Cross-board business between France and China – Life Science, Pharma and Healthcare

Lettre d’information Publié le 10/02/2021

2020 was far to be a bad year at least for the sector of life science, pharma and healthcare in China. With the huge domestic market in need of drugs and medical devices products and healthcare services as well as international demands due to Covid, Chinese stakeholders have passed a very dynamic year.

In the past 20 years, European enterprises have invested around EUR 140 billion into the Chinese market, of which the investments in the sector of health and biotech amounted to around 10%. The fresh new EU-China Comprehensive Agreement on Investment (“CAI”), which was in principle reached at the end of 2020 but is still to be finalized and ratified in 2021, may bring new chances to European investors. On the other way around, in 2020, Europe and France strengthened their respective legal framework with regard to screening of non-EU inbound investors active in biotechnology and healthcare-related investments. 

From the standpoint of Chinese market, what kinds of business opportunities exist or will emerge and what are the general local legal framework to be aware of?

Drugs and medical devices

Drugs and medical devices manufacturing is an open market in China, however, except big international groups, new market players may find it very difficult to start manufacturing of drugs and medical devices in China. On the market the often-seen business model is that Chinese drug manufacturers negotiate and get license of foreign laboratories (so called license-in business), have the drugs registered as foreign drugs in China and act as distributors of such drugs before the patent expires. The drugs will at a later stage be converted into domestic drugs and produced in China.

In this business, foreign patent holders need to have a clear strategy and idea about the protection of IP in China, for instance, if the patent protection period is approaching the end, whether other strategy should be put into use, such as patents on pharmaceutical preparations, marginal products and formulation etc., data exclusivity, monitoring period exclusivity etc.. The new revision of the patent law will even grant the possibility of extension of certain types of patents.

Moreover, the recent revision of relevant laws and regulations in 2019 and 2020 also formalized the drug MAH System, which opens the door for Chinese drug manufacturers to become marketing authorization holders while still using foreign resources prior to the local production.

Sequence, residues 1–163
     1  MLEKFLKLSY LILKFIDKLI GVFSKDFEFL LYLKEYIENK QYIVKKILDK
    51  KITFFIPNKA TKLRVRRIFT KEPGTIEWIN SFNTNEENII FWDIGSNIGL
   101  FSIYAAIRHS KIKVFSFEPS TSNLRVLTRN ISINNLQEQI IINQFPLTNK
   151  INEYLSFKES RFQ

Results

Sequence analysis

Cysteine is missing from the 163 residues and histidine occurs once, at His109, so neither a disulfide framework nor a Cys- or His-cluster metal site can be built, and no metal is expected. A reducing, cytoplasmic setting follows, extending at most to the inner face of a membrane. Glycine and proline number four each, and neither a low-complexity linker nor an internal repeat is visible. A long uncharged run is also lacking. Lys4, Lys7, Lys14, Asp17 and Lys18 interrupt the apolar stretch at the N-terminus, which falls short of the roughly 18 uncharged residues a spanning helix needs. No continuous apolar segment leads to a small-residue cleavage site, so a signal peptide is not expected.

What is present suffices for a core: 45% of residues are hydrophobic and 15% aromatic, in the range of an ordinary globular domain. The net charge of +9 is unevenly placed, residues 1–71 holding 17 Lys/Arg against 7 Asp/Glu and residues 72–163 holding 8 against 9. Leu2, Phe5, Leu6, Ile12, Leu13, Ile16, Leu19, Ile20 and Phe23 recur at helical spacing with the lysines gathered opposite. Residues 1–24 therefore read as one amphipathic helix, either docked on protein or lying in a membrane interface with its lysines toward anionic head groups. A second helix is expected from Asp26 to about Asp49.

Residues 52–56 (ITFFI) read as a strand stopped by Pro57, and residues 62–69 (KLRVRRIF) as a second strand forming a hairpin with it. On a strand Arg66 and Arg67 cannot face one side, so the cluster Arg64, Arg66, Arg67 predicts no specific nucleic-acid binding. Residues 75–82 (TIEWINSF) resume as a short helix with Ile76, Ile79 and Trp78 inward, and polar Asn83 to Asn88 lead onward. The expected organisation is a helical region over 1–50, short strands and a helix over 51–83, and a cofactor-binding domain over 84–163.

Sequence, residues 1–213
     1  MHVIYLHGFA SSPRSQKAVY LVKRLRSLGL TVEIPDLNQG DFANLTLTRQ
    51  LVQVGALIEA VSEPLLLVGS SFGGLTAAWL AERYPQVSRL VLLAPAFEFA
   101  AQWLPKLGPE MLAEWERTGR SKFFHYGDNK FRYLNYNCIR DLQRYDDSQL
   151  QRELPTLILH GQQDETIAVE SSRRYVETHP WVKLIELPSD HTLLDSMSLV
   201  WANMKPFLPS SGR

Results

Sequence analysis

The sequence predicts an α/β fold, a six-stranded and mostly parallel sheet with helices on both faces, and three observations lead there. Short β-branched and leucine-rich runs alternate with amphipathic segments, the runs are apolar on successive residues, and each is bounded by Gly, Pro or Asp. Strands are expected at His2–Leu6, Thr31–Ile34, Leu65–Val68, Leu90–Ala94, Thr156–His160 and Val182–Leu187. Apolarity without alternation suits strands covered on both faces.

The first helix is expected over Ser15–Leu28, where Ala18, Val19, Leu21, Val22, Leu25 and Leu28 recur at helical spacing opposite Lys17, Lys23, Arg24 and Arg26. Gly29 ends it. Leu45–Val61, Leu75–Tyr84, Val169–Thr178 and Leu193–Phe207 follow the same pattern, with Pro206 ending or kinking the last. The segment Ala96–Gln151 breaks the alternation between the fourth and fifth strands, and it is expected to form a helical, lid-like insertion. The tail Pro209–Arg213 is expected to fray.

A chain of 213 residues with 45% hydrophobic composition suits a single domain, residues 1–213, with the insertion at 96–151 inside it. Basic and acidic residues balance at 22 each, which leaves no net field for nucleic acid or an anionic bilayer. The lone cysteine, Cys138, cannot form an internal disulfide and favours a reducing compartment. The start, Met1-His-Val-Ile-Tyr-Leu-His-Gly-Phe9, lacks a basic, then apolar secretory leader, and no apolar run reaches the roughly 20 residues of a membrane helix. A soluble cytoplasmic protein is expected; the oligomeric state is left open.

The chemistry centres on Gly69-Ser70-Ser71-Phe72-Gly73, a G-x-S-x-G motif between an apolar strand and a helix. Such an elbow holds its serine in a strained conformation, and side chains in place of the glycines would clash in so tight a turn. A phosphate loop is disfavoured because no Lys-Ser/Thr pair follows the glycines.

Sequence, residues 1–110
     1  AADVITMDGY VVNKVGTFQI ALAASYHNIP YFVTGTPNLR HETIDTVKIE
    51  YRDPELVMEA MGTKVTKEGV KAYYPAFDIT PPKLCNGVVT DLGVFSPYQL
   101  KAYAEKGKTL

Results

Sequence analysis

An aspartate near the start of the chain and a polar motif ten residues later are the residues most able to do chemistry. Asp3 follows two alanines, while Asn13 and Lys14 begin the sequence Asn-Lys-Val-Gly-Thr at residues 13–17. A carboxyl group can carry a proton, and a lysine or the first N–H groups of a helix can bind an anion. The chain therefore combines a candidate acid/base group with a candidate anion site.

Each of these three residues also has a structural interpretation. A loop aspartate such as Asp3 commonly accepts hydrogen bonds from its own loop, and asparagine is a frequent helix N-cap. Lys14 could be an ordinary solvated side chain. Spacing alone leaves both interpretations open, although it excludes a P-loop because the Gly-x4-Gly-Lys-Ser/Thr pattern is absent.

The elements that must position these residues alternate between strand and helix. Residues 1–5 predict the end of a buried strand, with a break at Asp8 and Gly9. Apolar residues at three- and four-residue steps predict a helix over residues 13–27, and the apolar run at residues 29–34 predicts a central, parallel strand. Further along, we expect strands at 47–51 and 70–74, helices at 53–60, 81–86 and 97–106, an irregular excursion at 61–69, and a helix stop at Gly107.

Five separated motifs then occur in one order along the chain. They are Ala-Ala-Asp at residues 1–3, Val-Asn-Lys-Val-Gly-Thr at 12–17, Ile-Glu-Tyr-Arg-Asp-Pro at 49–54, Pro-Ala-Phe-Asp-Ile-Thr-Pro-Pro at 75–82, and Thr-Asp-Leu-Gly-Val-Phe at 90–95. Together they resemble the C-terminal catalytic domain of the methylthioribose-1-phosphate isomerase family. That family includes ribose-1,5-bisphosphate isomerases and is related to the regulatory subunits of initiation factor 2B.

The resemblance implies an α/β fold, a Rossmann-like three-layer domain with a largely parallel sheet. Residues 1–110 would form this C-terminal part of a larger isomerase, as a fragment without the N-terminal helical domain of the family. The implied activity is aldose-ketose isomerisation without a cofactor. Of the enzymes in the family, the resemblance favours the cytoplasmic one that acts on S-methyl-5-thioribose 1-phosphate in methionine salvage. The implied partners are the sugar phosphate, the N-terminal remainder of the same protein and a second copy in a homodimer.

Marginally but still worth of meaning is the dynamic capital market related to the sector of pharma. The Star Market in China using so-called filing instead of approval system is attracting numbers of companies in the pharma sector to go IPO. These companies have been sought by all kinds of funds especially those guidance funds of local governments. For foreign investors involved in such IPO process, this may offer a good opportunity to liquidize their assets originally in form of intellectual property.

Healthcare services

Private hospitals are not fully open to foreign investments. According to the famous negative list, a foreign investor has to set up a joint venture with a Chinese investor to engage in healthcare services, such as hospitals.

Nevertheless, Under the CAI, China will offer new market opening by lifting joint venture requirements for private hospitals in key Chinese cities, including Beijing, Shanghai, Tianjin, Guangzhou and Shenzhen.

E- healthcare services

China is already on a fast-track in terms of digitalization. Facing the Covid pandemic, the central and local governments push further the establishment of E-healthcare infrastructure and practices.

Until now, relevant laws and regulations allow mainly three types of E- healthcare services, i.e. Internet hospitals, Internet diagnosis and treatment, as well as telemedicine. In addition, health-related platforms providing preliminary disease consultation and advice (i.e., no definitive diagnosis or treatment plan is given, and no prescription is issued), registration appointment services, etc. are also flourishing.

Given that the aforementioned three main types of E- healthcare services are a combination of hospital services and Internet services, relevant market access requirements are to be respected. Regarding the former, as mentioned above, the joint venture requirements are to be gradually lifted under the CAI, while as to Internet services provision, it is subject to a number of shareholding restrictions and license restrictions for value-added telecommunications services. Value-added telecoms licenses relating to the Internet healthcare projects may involve different licenses, such as the ICP license and/or EDI license, for which foreign shares should not exceed 50%. Nevertheless, under CAI, China also agreed to lift the investment ban for cloud services and computer services. More details are to be expected with the progress of finalization of CAI.

It is to be further noted that China’s legal framework on cyber and data security as well as privacy protection is evolving very fast. Besides the 2017 Cybersecurity Law, new drafts of Data Security Law and Personal Information Protection Law have already been published for solicitation of public opinions and are expected to be promulgated in 2021 or 2022. Foreign invested companies in the healthcare sector will have to pay special attention to the compliance issues under these laws and regulations given that healthcare information is qualified as one of the key information infrastructures, and the data of patients are normally sensitive personal information.